President Bush signs Central American trade agreement

President Bush signs Central American trade agreement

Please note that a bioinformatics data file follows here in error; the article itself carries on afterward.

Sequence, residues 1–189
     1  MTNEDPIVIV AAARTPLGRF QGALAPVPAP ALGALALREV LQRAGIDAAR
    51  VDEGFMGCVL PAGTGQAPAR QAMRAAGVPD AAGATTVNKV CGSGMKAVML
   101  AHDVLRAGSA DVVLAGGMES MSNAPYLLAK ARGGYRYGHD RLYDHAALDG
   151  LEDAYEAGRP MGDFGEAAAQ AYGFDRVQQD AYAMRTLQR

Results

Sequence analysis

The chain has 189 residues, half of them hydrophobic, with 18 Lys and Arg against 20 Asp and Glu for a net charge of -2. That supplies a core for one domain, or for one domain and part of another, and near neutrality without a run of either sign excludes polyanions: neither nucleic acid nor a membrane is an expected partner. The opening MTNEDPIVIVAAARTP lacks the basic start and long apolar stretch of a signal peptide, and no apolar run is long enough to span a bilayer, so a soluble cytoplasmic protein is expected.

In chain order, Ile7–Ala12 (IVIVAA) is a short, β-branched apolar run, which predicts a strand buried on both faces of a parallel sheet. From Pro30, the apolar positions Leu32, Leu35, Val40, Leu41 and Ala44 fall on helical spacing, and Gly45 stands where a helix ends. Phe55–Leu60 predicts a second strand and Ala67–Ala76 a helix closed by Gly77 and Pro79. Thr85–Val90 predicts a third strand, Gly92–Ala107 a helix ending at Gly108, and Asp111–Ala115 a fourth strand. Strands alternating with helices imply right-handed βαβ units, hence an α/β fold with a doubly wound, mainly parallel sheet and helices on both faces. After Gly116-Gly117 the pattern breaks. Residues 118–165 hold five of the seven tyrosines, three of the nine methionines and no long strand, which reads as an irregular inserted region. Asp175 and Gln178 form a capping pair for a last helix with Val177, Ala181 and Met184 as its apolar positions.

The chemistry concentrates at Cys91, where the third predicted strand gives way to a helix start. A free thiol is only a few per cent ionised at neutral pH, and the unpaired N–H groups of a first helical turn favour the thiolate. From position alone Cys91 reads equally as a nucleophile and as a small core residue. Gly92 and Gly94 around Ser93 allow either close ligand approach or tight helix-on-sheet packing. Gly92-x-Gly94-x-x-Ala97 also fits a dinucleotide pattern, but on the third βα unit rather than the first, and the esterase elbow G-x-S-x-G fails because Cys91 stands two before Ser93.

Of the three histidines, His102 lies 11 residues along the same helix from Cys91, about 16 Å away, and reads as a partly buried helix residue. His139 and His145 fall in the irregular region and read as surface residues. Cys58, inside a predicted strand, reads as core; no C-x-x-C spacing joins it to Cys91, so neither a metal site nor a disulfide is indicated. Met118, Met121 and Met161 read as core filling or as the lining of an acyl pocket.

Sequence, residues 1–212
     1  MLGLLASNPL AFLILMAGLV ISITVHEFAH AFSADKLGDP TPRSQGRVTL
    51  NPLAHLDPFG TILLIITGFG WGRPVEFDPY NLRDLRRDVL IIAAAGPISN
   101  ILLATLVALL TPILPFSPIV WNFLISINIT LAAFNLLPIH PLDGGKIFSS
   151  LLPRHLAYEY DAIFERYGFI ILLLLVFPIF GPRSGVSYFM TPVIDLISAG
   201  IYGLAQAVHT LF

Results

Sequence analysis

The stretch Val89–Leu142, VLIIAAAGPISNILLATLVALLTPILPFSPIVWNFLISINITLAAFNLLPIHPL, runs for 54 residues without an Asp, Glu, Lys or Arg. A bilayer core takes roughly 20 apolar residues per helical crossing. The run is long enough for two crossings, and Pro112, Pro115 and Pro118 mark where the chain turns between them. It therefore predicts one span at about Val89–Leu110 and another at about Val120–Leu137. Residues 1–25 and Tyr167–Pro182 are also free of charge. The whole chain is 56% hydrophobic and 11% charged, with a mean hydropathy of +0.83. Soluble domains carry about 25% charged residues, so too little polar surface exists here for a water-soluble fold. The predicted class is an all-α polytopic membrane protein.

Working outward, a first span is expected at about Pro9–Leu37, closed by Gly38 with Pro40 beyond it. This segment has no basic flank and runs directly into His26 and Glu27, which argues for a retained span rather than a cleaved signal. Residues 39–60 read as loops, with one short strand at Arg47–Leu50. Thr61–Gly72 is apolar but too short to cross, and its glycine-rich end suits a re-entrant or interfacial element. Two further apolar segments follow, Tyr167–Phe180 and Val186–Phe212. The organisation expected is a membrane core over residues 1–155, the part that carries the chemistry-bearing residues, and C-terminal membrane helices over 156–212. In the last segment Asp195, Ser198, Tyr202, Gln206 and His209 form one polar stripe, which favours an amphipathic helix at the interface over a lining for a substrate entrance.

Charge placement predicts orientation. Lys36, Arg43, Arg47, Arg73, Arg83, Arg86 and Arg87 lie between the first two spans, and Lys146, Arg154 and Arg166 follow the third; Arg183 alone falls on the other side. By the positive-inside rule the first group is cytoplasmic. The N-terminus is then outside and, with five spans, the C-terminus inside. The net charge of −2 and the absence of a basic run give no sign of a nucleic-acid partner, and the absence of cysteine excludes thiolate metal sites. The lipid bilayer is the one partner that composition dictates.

[JURIST] President Bush Tuesday signed [White House press release] the US-Central American Free Trade Agreement (CAFTA) [text] into law, making it the first official trade pact between the US and Central America. CAFTA will end tariffs against US products in Guatemala, El Salvador, Nicaragua, the Dominican Republic, Costa Rica, and Honduras, and ensures those countries duty-free access to the US. Bush said the new law would help create jobs in the US by "leveling the playing field for our products," but CAFTA has been criticized by both Republicans and Democrats, passing the US House of Representatives [JURIST report] last week by a two-vote margin of 217-215 [roll call] after obtaining Senate approval by 54-45 [roll call] last month. Opponents of the accord say it will force more American jobs overseas and continue the exploitation of Central American workers. El Salvador, Honduras and Guatemala have already ratified the agreement, which will go into effect as soon as a date is agreed upon. The remaining three countries have two years to approve the pact. The Washington Post has more.